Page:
Monday, May 21, 2012

In Memoriam Dietrich Fischer-Dieskau

I cannot write a personal memoir of this great - truly great - singer and musician who passed away just a few days ago, on May 18. I never met him personally and only saw him in concert on one occasion in Montreal where he gave a Brahms recital in the biggest hall in town. But he has been a presence in my whole life in music. From the earliest days of my discovery of classical music, at the very beginning of the 1970s, I became aware of him. At that time his complete recording of all - ALL - the Schubert lieder accompanied by Gerald Moore was in progress. That amounts to about six hundred songs. Fischer-Dieskau is probably the most-recorded singer of all time. Whole books are devoted to merely listing his recordings.

When I was a young classical musician I looked for models. As a guitarist my models, certainly in terms of virtuosity, which was a big concern of mine at the time, included Andres Segovia, John Williams and Julian Bream. But alongside them and the guitar repertoire I always listened to and greatly respected the wider repertoire. There were a handful of artists that commanded my attention due to their immense musical authority. What is musical authority? It is a bit like moral authority, I think. One of the finest examples I can recall was that concert I saw of Fischer-Dieskau. It was in Place des Arts in Montreal, in the big hall which seated, oh, at least 2,000. Big place for a lieder recital. It was packed to the ceiling. At 8 pm Fischer-Dieskau strode on stage, took his place in the center and began acknowledging the applause. His accompanist, whose name I forget, scurried after him and quickly took his seat at the piano, his fingers curled over the keys and his eyes on Fischer-Dieskau. I wondered at this seeming excessive anxiety. The applause was loud and long, but the moment it showed a sign of slacking, Fischer-Dieskau nodded at the pianist and launched into the first song. He was there to sing, not to bask in applause. This is the kind of authority he had: it came right from the music and that is why it is unmistakable. He, his ego, isn't there, it is instead the aesthetic authority of the music that commands both him and us as listeners.

This is why a great artist like Fischer-Dieskau cannot sing trivial music. That would render the whole exercise meaningless. I see a looming contradiction here for all young artists: they are being told more and more that they have to 'brand' themselves, work out the tricks of marketing, make a name, sell themselves and so on. But the horror of that is that it directly drains away the musical authority that comes from NOT doing those things, from allowing yourself to be the servant of the music instead of merely using the music to further your career ambitions. The music is where your real authority comes from, not from whatever little personal quirk you think you can spin into media attention.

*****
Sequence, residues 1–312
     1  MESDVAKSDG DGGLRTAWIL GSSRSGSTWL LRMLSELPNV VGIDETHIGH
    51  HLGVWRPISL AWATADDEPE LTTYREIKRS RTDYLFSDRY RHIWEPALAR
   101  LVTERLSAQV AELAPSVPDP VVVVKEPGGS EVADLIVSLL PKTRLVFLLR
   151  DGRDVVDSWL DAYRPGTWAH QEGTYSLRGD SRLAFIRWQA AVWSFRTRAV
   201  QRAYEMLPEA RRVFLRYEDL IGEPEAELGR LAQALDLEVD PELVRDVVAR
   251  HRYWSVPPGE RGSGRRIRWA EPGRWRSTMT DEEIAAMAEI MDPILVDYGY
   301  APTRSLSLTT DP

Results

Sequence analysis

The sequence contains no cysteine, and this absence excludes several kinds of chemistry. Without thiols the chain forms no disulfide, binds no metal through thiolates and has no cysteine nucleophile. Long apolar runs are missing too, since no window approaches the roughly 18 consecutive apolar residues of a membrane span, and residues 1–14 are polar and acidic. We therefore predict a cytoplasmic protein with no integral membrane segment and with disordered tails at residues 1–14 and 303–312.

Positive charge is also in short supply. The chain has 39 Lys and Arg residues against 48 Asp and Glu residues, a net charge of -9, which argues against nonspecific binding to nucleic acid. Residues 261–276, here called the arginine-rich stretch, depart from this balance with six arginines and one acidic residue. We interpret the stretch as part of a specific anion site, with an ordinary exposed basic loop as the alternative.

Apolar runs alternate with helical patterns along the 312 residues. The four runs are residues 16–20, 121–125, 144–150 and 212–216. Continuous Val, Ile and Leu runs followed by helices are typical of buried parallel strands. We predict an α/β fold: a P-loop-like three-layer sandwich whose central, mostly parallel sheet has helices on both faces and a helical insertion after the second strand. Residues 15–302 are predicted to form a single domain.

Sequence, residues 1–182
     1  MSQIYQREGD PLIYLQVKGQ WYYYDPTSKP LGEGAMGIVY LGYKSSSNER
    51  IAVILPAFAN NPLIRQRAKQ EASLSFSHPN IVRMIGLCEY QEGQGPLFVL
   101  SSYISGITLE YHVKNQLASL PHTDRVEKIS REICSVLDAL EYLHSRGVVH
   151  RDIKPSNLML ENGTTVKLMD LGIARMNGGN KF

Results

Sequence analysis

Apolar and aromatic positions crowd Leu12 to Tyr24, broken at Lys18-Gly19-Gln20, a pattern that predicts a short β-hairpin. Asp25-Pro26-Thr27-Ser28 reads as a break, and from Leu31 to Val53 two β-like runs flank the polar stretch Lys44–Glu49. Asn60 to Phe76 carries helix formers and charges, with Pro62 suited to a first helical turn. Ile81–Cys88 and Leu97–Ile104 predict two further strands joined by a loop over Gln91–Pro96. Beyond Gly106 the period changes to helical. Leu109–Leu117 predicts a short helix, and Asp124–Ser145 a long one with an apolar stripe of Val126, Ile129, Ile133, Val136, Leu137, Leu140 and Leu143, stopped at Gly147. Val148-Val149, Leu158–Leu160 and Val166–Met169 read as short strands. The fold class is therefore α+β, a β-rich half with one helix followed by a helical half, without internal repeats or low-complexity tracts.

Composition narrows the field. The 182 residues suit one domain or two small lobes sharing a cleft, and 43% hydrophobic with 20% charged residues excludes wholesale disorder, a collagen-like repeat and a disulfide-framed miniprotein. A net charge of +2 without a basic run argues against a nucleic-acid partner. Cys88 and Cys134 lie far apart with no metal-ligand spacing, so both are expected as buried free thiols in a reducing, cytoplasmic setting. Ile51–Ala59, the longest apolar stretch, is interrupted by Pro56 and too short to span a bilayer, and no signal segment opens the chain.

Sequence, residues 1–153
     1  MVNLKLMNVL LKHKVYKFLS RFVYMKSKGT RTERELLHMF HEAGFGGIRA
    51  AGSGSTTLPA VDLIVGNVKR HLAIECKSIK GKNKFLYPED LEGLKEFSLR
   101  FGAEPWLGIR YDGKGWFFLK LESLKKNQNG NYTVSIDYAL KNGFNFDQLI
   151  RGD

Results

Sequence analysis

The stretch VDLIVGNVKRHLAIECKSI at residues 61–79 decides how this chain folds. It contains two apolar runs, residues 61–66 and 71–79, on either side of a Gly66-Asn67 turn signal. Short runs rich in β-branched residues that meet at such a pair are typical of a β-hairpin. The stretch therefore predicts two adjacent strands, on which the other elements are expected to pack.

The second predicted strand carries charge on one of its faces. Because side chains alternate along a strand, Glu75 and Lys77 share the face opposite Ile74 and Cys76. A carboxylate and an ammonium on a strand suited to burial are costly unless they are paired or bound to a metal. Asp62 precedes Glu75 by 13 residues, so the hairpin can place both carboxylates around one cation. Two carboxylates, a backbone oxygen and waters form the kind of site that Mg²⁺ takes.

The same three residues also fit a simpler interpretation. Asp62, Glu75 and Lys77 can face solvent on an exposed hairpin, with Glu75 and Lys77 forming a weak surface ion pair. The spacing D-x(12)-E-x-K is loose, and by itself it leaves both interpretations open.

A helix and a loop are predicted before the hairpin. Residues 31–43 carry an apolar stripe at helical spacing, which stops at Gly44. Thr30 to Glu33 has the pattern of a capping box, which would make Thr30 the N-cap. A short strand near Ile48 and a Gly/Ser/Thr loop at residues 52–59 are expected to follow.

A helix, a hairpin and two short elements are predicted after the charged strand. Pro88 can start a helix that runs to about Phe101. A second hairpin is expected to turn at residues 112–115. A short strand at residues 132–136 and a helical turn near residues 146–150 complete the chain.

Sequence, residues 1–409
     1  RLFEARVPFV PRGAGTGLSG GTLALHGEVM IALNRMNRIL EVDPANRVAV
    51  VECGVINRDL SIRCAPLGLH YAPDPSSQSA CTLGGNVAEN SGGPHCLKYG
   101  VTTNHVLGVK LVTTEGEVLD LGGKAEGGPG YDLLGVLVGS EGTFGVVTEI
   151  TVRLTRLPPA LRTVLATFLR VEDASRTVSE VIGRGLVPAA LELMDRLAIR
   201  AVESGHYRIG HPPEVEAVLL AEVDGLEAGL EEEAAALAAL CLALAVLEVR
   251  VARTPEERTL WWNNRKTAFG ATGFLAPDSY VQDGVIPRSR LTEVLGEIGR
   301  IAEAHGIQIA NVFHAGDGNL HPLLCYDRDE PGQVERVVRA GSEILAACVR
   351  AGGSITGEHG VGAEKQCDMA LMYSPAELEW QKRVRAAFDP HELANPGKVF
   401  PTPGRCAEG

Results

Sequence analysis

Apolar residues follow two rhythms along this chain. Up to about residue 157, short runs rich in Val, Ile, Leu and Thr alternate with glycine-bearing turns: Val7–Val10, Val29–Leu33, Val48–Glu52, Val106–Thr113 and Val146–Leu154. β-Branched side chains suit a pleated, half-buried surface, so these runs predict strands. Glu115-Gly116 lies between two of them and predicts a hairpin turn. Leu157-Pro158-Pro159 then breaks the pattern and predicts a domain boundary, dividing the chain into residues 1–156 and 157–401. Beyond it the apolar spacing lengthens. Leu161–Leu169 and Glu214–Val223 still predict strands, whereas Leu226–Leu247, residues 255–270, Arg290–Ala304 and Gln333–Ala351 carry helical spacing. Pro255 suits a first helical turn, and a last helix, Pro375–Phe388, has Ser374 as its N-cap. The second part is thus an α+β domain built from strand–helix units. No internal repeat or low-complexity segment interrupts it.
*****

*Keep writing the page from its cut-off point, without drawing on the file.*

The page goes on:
When I was a young classical musician, still learning my trade, the artists who stood out, whose musical authority was evident were few: Dietrich Fischer-Dieskau, Gustav Leonhardt (who also just passed away and whom I wrote about here), Arthur Rubinstein, and the Guarneri Quartet. The only artist with this kind of stature or authority that I have added in recent years is the great Russian pianist Grigory Sokolov whom I wrote about here. I'm leaving out other artists such as Mstislav Rostropovich, the great Russian cellist, only because I wasn't as aware of them. Let us end with two pieces performed by Dietrich Fischer-Dieskau. The first is the last song of Schubert's Die Winterreise:

The second is the first movement of Shostakovich's 14th Symphony on a text by Garcia Lorca.

A fascinating anecdote about Fischer-Dieskau comes from his very early career. During WWII he was drafted into the Wehrmacht and spent his time tending horses on the Russian front. Captured by the Allies in 1945 he was held as a prisoner of war until 1947--one of the last to be released because they toured him around to various camps to sing lieder to homesick German prisoners...


RG said...

There are some profound ideas in there! The concept of musical authority and its basis in non-egoism (humility) deserve development.

Bryan Townsend said...

I'm not sure how to go much further than I did. I'm not really a theoretical thinker, more of an observer. I'm afraid of running into apparent ironies, such as the humility that great performers genuinely have co-exists with their knowledge of their surpassing abilities and the inability to suffer fools gladly!

Still, the difference between the kind of artist who is capering and striving for our attention (and dollars) using whatever means necessary, and an artist like Fischer-Dieskau who is there to bring the music to us in all its depth--that difference is palpable...